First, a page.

This year Brandon has begun digging in the garden beds, I am reminded of my late father as he hauls soil in my dads old green paint chipped wheelbarrow. We are happily adding trees, shrubs, plants and flowers to my mother and fathers garden beds this year. Some of the heavy work is being done by a local landscape company who happens to be a school mate of Brandon and myself. My four years of observations and visions have been designed into a reality, shared with Brandon and made possible in the pandemic by a local small Leaside business, The Kutting Krew. In fact, once my father got terminally ill with cancer it was this landscaping company that did the grass cutting for my mom and dad.
It feels great to begin to put our creative vision into the English garden and add our touch to the garden beds as artists. Our garden beds are to be painted in with a delightful array of colourful flowers and varying textures. Given that we have a terrific amount of sun throughout the day we should see our visions growing and filling in the garden palette as summer begins.
Just in time for me to sit in my ten spots throughout the garden with the hose and water my flowers while I am filled with inspiration for paintings. Yes, the ten sitting spots were also designed so I can sit with the hose and water the garden, I suppose truthfully they are meant for a triple purpose. This didn’t reveal itself until most recently. One thing about living with chronic illness such as ME and FM and disability is for certain I will regularly be using my ten sitting spots. And in truth I will enjoy every moment of sitting in the garden, often with Dolores or Fionny. Soon I will share my sitting spots with you as well as my views of my garden beds.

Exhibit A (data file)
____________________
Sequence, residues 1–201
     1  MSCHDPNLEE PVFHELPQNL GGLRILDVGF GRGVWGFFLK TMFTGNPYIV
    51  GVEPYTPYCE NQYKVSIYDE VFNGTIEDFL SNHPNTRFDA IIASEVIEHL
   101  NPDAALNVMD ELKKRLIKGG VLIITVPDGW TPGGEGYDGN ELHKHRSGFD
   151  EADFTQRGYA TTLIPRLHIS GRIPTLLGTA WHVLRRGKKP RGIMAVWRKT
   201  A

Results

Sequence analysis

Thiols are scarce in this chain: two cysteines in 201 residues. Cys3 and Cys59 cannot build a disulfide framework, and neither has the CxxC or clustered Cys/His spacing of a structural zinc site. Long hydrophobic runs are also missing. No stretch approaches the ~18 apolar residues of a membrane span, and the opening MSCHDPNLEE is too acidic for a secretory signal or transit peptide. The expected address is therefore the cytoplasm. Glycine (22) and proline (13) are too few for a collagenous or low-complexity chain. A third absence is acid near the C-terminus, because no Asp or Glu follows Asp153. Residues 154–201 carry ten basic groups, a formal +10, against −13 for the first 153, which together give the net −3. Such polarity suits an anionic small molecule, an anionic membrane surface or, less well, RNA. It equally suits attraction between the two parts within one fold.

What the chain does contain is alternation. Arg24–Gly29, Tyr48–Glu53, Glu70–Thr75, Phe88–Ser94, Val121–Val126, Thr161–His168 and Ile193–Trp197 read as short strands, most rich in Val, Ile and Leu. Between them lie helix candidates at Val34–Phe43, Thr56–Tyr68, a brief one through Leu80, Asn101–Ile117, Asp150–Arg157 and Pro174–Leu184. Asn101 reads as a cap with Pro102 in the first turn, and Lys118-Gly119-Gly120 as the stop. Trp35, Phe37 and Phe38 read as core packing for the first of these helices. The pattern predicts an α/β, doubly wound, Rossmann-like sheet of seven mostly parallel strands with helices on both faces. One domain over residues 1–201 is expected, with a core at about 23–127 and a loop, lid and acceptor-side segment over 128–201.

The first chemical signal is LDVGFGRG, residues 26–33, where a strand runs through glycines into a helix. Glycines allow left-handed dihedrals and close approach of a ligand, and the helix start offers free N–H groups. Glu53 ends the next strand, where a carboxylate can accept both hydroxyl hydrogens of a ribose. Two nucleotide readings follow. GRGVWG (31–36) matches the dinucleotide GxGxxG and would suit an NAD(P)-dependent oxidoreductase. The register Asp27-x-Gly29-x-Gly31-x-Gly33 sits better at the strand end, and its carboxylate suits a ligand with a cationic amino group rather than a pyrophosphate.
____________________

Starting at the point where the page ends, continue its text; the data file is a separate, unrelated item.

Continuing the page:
Blog no. 15
About the Author
Jane Louise Holden
On Jane’s Blog I authentically write about real life experiences with loss, suffering and acceptance as a woman artist living with disability. There are times while in my studio I step away from my abstract paintings and turn towards words. My garden often inspires written words in the same way it fuels my paintings, words come to me connecting with thoughts as I sit in quiet peace with my garden.